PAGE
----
My students are my co-workers…


…and I am all the better for it.

Lately I’ve been reflecting on how much I learn being in the classroom with first, second and third graders all day. I spend more time with them than anyone else in my village. They speak slowly enough for me to (usually) understand what they want/need. We have fun together just sitting around and coloring. They teach me more than I could ever hope to teach them, and this is the precise, selfish reason that I want to be an educator for the rest of my life.

Here are some of the lessons I’ve been learning alongside my students:

  • Pay close attention to what your body needs. If you’re restless, do some stretching. If you’re sleepy, take a nap. Children are very physical creatures and thus experts in owning their bodily needs and expressing them openly.
  • Mimicry can be a helpful step towards better understanding. I can’t tell you how many times I have caught my students pretending to be me, teaching each other content from a previous English lesson. Yet I’ve found that even these simple acts of roleplaying show a level of interest and understanding that, when cultivated further, easily transitions in to a fuller understanding.
  • Ask for help as often as you need it… As a prideful adult, I struggle with this quiet a bit. Yet every day, my students remind me of the value in asking for support by asking nonstop questions about the world.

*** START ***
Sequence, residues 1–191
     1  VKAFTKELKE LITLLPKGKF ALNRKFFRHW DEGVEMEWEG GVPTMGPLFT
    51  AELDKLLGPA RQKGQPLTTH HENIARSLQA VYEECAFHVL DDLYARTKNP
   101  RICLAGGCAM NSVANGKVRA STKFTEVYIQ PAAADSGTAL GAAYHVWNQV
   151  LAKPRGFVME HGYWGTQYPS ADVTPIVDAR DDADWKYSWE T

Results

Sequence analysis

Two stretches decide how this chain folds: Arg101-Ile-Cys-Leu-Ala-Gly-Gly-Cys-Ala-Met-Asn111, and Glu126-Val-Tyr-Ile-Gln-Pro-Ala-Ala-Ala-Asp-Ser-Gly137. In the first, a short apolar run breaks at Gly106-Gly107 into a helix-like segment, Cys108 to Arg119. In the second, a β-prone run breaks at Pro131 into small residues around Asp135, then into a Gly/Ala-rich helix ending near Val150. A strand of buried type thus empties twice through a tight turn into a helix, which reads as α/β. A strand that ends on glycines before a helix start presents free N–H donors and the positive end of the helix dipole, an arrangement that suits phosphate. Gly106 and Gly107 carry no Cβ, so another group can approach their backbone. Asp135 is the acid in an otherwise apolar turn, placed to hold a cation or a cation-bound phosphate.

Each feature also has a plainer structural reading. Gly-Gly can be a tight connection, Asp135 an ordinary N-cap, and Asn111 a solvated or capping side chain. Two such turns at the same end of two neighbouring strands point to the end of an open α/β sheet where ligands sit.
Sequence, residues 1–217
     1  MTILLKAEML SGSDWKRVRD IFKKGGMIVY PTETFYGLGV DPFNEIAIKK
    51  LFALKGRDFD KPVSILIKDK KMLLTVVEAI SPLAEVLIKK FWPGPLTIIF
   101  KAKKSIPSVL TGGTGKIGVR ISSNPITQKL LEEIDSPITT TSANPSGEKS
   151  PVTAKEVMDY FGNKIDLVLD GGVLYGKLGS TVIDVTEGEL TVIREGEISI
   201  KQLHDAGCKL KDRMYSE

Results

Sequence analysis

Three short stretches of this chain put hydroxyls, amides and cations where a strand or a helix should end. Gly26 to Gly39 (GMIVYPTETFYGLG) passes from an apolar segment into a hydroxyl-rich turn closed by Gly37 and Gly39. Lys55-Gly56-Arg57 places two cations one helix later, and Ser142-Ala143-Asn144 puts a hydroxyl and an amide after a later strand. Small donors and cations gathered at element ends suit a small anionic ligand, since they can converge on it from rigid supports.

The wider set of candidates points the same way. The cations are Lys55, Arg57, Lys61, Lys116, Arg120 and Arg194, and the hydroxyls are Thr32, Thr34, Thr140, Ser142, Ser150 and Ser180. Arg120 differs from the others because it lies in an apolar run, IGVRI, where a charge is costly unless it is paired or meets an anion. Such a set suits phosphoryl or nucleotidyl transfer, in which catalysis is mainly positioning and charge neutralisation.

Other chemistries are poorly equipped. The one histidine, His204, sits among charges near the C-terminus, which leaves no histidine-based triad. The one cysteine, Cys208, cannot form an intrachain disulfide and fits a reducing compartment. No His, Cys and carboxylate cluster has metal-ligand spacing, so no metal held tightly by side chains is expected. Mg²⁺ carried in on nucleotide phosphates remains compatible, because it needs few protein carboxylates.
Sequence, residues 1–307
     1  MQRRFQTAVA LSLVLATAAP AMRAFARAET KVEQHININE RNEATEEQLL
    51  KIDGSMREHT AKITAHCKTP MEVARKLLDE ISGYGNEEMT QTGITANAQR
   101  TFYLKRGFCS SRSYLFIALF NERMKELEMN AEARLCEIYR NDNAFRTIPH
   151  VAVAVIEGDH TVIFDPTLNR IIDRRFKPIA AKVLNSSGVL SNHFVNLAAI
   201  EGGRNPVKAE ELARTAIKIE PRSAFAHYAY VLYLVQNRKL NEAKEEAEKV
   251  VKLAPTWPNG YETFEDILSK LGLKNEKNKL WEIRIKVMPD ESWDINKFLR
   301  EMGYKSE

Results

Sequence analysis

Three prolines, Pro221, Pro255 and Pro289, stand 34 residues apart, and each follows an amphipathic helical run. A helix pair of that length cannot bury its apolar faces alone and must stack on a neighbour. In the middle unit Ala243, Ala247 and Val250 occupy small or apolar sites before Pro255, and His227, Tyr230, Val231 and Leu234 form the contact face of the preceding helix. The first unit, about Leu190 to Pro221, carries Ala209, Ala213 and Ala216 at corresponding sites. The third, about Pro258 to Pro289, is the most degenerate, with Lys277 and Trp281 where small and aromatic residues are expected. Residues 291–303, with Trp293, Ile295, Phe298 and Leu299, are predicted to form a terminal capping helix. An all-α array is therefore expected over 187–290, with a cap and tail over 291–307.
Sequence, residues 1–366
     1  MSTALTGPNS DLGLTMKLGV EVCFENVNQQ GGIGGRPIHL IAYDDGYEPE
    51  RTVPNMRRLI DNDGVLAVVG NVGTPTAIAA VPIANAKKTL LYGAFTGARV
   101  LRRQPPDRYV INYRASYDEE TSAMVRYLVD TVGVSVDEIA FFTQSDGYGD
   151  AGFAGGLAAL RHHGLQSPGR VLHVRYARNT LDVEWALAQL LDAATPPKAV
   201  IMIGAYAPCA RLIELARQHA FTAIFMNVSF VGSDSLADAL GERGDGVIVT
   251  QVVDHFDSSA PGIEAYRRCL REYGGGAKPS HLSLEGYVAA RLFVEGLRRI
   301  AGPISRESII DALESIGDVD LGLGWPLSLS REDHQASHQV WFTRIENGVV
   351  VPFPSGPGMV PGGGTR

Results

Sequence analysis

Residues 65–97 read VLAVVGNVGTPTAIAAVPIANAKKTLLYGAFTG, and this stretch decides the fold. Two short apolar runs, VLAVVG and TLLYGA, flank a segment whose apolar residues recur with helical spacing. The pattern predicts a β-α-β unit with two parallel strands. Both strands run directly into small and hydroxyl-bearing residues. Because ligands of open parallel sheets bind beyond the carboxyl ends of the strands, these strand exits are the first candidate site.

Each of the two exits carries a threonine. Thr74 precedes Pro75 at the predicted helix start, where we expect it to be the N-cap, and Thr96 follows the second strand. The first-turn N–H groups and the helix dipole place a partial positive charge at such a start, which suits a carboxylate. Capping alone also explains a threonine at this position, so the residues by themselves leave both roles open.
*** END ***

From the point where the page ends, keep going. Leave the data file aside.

• …and offer help when you’ve mastered a skill. The proudest moments I’ve had as a teacher almost always include a scenario in which a student understands what’s going on and voluntarily begins helping others. It’s heartwarming and beautiful and demonstrates that my students have taken ownership over their learning. I could not be more proud.
  • Love whatever you love with reckless abandon. My students are all their own unique people. But I wouldn’t know them nearly as well if they weren’t so unapologetically themselves. One of my favorite first graders is super shy and never volunteers, but one day we did an activity that required dancing around. To my pleasant surprise, this student broke out in the most well-choreographed dance I’ve ever seen. The whole class broke out in applause and I’ll never forget that moment as long as I live. I want to be him when I grow up, no doubt about it.


I’m becoming more and more convinced that children are endlessly capable of magic and the way that we socialize them can either foster or squash that possibility. My students are effortlessly curious, optimistic, and inventive– and this is all without anything I’ve done. They unconditionally give so much love and light to everyone around them, I am truly humbled to know a love like theirs. Why are adults so much more rigid and sad? I often find myself wishing I could be more like my students. What’s more, I wish I possessed the language to really express that sentiment to them. The best I can do is continue to love them as much as I can– it’s not much of a payment, but most days it’s often all I feel I can offer.




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